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President Joe Biden says U.S. allies were “shocked” and “surprised” by the Jan. 6 insurrection at the U.S. Capitol, but they nevertheless are unconcerned about American leadership on the world stage. (June 14) AP Domestic

The claim: FBI operatives organized the Jan. 6 attack on the U.S. Capitol 

In the months following the deadly Jan. 6 attack on the United States Capitol by rioters seeking to overturn the 2020 presidential election results, conservative media personalities have attempted to downplay the insurrection and shift blame.

Some baselessly claimed the mob of Donald Trump supporters who breached Capitol barricades — fueled by unproven allegations of voter fraud — was actually a crowd of antifa members in disguise. Those allegations were wrong.

Now, claims that undercover FBI agents were behind the Capitol insurrection are circulating on social media.

“Evidence surfaces that the FBI planned and executed January 6 Capitol riot,” the Tatum Report wrote in a June 17 Instagram post.

The narrative started with a June 14 report by conservative website Revolver News. The story says there’s a “strong possibility” the federal government had “undercover agents or confidential informants embedded within the so-called militia groups” that were seeking to obstruct the Senate certification of the 2020 election results. The Instagram post linked to a Tatum report post that recapped the Revolver News story. USA TODAY reached out to Tatum Report for comment

After the article was published, Fox News host Tucker Carlson, Republican lawmakers and social media users amplified it across platforms.

Facebook users have shared an open letter from Rep. Matt Gaetz, R-Fla., in which he demands FBI Director Christopher Wray “fully disclose the role and involvement of FBI operatives during the January 6th Capitol riot.” Other users shared a clip of Carlson’s June 15 show, during which he said “FBI operatives were organizing the attack on the Capitol on January 6.”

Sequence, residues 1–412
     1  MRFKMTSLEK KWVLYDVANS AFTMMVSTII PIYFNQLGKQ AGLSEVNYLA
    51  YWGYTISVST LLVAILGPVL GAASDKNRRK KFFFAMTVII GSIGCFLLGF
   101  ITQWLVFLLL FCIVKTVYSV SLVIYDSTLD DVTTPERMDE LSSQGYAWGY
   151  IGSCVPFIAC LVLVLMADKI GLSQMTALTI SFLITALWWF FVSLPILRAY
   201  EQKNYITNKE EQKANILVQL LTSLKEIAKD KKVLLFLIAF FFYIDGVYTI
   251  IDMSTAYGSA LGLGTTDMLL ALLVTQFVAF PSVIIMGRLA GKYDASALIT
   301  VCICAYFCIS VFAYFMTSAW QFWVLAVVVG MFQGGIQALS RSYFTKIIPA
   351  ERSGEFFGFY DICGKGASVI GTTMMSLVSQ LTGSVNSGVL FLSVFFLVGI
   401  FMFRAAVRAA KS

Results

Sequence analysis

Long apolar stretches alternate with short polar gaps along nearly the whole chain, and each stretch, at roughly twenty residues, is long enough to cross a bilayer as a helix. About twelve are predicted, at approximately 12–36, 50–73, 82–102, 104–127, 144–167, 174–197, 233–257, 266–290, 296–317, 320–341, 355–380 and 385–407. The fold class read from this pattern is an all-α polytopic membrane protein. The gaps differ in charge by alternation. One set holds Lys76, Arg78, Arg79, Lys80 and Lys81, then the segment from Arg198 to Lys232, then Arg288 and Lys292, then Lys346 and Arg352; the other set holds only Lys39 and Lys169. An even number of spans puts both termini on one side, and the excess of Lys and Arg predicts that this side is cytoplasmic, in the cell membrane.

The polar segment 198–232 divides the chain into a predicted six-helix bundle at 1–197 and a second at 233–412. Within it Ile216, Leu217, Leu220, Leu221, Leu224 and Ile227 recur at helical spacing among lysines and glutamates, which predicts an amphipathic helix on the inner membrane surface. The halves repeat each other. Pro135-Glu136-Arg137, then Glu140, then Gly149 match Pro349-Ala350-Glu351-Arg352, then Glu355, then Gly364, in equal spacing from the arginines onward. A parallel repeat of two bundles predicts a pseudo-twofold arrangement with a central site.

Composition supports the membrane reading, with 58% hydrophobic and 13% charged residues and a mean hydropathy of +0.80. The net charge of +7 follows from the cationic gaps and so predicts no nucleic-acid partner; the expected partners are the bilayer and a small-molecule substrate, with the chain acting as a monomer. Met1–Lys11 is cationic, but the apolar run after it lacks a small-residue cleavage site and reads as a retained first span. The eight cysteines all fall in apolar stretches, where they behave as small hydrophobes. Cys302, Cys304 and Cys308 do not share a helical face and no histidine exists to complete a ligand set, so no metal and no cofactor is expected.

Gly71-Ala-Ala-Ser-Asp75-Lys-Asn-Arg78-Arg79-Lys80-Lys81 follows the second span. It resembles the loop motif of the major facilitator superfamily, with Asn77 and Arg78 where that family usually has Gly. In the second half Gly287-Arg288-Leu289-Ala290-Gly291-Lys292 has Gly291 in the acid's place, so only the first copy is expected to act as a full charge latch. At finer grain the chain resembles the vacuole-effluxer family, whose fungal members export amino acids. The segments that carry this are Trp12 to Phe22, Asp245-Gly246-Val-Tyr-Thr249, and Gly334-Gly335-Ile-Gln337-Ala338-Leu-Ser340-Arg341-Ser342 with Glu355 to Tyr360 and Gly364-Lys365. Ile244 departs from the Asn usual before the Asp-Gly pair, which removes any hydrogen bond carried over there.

But that theory relies on a false assumption: that anyone identified as an “unindicted co-conspirator” in charging documents is a government agent. 

In fact, legal experts say that term cannot be used to describe FBI agents or undercover government operatives. Charging documents and other evidence indicate that the Jan. 6 rioters included Trump supporters, conspiracy theorists and members of far-right groups.

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Fox News and social media users who amplified Revolver News’ claims did not return requests for comment.

Unindicted co-conspirators, explained

The term “unindicted co-conspirators” refers to people who allegedly took part in the same offense in some fashion but are not being criminally charged for their role, Ira Robbins, an American University law professor, wrote in a 2004 paper that represents the legal consensus on the term.

This can include someone who cooperated with law enforcement to receive a deal or who authorities don’t feel they have sufficient evidence to charge.

The term became well-known in 1974, when a grand jury applied it to President Richard Nixon during the Watergate scandal.